Construction Contractors Should Assert Lien Rights Carefully

By Poston Pritchett and Rick Shearer
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Law360 (April 27, 2020, 6:09 PM EDT) --
Poston Pritchett
Rick Shearer
On April 13, the Superior Court of New Jersey, Appellate Division, ruled in SAL Electric Co. Inc. v. The Pike Co. Inc.[1] that a New York general contractor cannot escape suits from a subcontractor for allegedly overdue payments under their agreement by relying on separate contracts the general contractor had with supermarket chain Wegmans.

The court cited ambiguity and confusion over the interplay between the general contractor's prime contracts with Wegmans and its master subcontractor agreement with the subcontractor to perform electrical work.

Asserting lien rights is a highly technical endeavor. The failure of contractors and suppliers to precisely comply with statutory requirements when attempting to assert lien rights can warrant the permanent dismissal or at least partial exclusion of a lien, depending on whether the defect causes material prejudice to the general contractor or the property owner.[2] 

What may seem like a mere technicality can be fatal to a subcontractor's lien and perhaps doom its only opportunity to receive payment from an owner for materials supplied or underlying work performed.

Contracts and lien rights are both critical to payment on a construction project. While the construction industry will debate for months and years to come whether COVID-19 qualifies as a force majeure event on a disrupted construction project, all parties on the project should be focused now on securing their payment rights. Failing to secure these rights could waive any right to additional time or costs.

Supply chains, labor and payments may be disrupted, all of which will affect critical paths, and the ensuing disputes will only serve to delay payment further. Factor in less demand for new projects due to financial uncertainty and cancellations of nonessential projects such as offices and entertainment and sports facilities and it becomes clear that payment disputes are looming.

Many contractors or suppliers will be placed in a position trying to obtain money owed for work rendered or supplies delivered or trying to avoid returning payments received before a payor's financial struggles or bankruptcy.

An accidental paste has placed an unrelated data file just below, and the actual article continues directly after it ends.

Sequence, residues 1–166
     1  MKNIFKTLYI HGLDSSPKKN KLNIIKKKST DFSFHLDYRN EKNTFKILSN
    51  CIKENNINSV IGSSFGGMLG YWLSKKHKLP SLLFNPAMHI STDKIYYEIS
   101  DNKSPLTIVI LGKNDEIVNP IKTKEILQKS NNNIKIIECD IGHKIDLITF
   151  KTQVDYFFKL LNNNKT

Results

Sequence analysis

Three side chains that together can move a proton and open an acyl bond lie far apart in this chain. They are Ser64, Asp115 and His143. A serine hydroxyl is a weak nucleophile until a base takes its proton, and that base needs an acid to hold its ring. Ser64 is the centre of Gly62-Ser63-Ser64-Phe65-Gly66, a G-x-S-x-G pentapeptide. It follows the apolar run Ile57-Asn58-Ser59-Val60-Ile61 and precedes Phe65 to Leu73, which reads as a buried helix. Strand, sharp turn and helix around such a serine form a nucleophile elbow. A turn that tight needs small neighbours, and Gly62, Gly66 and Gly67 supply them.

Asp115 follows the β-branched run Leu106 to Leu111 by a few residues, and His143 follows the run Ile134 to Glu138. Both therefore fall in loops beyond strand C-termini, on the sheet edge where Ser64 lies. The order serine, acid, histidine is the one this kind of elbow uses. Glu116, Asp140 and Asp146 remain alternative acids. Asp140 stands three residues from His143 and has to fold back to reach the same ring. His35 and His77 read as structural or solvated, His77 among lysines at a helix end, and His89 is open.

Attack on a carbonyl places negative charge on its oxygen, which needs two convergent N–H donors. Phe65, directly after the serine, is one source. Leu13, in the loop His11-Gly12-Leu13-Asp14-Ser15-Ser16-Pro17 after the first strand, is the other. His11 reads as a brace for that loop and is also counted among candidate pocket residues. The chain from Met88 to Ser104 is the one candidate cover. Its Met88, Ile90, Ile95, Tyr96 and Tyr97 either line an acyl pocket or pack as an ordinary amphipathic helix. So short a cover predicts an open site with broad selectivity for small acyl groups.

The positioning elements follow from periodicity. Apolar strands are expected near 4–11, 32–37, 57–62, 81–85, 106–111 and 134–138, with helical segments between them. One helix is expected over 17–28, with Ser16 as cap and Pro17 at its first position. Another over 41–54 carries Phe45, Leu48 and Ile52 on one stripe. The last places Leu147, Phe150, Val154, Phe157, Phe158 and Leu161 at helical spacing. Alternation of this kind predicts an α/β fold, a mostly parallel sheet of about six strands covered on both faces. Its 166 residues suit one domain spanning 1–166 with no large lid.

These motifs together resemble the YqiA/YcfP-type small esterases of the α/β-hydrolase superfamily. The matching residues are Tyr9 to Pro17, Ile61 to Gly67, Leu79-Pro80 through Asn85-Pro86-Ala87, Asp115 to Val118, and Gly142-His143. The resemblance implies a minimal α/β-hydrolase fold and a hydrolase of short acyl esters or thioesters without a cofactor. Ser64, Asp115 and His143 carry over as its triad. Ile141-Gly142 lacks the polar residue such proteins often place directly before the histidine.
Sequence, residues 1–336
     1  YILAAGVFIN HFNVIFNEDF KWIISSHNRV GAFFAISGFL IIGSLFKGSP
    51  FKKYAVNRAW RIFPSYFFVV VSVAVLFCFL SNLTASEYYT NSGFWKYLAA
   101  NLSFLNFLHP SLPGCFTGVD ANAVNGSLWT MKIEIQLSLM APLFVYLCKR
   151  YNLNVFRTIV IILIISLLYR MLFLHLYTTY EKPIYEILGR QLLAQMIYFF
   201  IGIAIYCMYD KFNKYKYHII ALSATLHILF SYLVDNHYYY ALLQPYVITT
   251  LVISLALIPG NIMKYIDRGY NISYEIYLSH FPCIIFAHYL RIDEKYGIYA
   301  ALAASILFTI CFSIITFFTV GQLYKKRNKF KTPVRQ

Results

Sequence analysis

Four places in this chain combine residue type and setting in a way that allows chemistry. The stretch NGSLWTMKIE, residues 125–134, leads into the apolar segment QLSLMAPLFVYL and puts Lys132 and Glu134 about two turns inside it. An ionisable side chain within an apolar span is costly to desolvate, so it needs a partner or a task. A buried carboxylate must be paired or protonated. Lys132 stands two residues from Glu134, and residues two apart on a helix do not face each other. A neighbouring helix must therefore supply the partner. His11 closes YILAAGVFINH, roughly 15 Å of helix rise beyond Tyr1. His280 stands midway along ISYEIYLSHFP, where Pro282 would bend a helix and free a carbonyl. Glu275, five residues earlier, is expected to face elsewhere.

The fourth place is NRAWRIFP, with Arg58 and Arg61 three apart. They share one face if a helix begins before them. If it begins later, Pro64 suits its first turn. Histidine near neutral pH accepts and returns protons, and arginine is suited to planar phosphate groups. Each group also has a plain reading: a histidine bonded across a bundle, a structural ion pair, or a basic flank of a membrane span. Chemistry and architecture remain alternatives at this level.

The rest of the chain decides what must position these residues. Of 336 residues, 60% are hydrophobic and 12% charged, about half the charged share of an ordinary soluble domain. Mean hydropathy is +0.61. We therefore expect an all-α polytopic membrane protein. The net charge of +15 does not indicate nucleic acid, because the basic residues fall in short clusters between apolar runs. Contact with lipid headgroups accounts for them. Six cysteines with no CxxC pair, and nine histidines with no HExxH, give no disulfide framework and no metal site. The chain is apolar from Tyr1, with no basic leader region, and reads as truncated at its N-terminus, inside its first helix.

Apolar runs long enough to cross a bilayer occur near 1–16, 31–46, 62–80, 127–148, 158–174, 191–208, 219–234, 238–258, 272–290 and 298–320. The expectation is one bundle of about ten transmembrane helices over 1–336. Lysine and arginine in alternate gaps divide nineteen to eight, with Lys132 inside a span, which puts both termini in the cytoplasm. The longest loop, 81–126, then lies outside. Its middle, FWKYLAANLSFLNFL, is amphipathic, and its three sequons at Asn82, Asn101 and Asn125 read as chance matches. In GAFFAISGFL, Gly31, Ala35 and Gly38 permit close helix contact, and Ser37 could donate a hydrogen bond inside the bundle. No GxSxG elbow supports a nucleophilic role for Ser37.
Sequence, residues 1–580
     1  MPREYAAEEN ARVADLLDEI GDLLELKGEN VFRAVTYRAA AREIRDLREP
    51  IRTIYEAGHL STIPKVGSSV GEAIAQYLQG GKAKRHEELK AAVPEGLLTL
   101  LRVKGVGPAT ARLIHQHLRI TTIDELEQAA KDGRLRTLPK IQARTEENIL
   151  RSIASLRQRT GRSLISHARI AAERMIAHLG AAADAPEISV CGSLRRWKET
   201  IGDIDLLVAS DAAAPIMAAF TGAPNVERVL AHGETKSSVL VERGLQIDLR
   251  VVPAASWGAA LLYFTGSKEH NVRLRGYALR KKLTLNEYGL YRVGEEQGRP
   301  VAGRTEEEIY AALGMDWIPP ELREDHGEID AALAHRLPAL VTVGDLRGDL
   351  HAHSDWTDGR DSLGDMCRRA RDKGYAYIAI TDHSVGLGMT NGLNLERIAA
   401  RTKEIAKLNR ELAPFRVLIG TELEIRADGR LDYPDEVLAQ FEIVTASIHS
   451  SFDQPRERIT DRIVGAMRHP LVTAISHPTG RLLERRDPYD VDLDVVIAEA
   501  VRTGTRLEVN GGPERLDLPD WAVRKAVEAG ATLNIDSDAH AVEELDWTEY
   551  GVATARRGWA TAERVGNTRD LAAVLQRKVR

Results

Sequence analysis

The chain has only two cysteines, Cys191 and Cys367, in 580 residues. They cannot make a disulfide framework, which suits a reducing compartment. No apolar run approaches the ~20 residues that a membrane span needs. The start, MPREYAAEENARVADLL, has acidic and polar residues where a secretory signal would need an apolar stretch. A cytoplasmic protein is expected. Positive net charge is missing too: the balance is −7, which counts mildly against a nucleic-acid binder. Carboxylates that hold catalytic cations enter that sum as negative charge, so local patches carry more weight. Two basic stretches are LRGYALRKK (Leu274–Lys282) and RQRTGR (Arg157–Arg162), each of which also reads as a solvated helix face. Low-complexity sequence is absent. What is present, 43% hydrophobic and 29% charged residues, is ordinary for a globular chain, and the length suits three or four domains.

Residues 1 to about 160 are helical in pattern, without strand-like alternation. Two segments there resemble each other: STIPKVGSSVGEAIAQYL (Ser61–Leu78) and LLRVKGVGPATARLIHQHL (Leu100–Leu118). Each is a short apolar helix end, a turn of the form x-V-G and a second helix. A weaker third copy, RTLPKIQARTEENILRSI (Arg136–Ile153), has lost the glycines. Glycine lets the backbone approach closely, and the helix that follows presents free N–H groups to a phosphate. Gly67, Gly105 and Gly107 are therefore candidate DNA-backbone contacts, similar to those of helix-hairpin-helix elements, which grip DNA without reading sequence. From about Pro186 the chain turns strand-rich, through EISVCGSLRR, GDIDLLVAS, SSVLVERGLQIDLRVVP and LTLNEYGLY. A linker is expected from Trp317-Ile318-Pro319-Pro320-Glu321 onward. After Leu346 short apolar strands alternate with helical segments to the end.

Contractors, subcontractors and suppliers should take some important actions now to better control their futures and protect contract rights and cash flow. It is paramount that contractors posture now to protect and secure their respective interests by issuing notices as quickly as possible even though the full impact of a disruption may be unknown.

Understanding payment rights is all the more important on construction projects because the payment scheme on construction projects is complex, notwithstanding a pandemic. Work is usually performed and deliverables supplied before receiving payment.

The performing party is often several contracts away from the source of funds or ultimate payor, and history indicates these further-removed entities are at higher risk for being adversely affected by a payment default. These downstream parties must secure their payment rights, which they can do in three primary ways: contract remedies, recording liens, and bonds.

In planning and preparing to assert these rights, downstream contractors, subs and suppliers should review their lien or payment bond rights in order to prepare for the potential of nonpayment in the coming months. All entities need to meet what is required in their contracts in terms of required notice recipients, deadlines for receipt and the specific level of detail required.

Awareness of state laws providing for notice periods and recording periods for contractors and subcontractors with lien rights is critical. Contractors should gather and review every contract — upstream and downstream — to understand how they address delays, changes, notice and procedures for payment demands.

With performance and payment bonds on the job or subcontractor default insurance, contractors should start immediately exploring whether the surety will be available to help finish the work or pay for it.

Contractors, subcontractors and owners are also often required to maintain insurance portfolios, but they may not know precisely what those policies cover. On each current job, contractors must determine all of the applicable policies that may protect them. It is crucial to have internal personnel responsible for tracking outstanding accounts receivable, creating a timeline and being aware of all critical dates for notice and recording deadlines as well as statutes of limitations.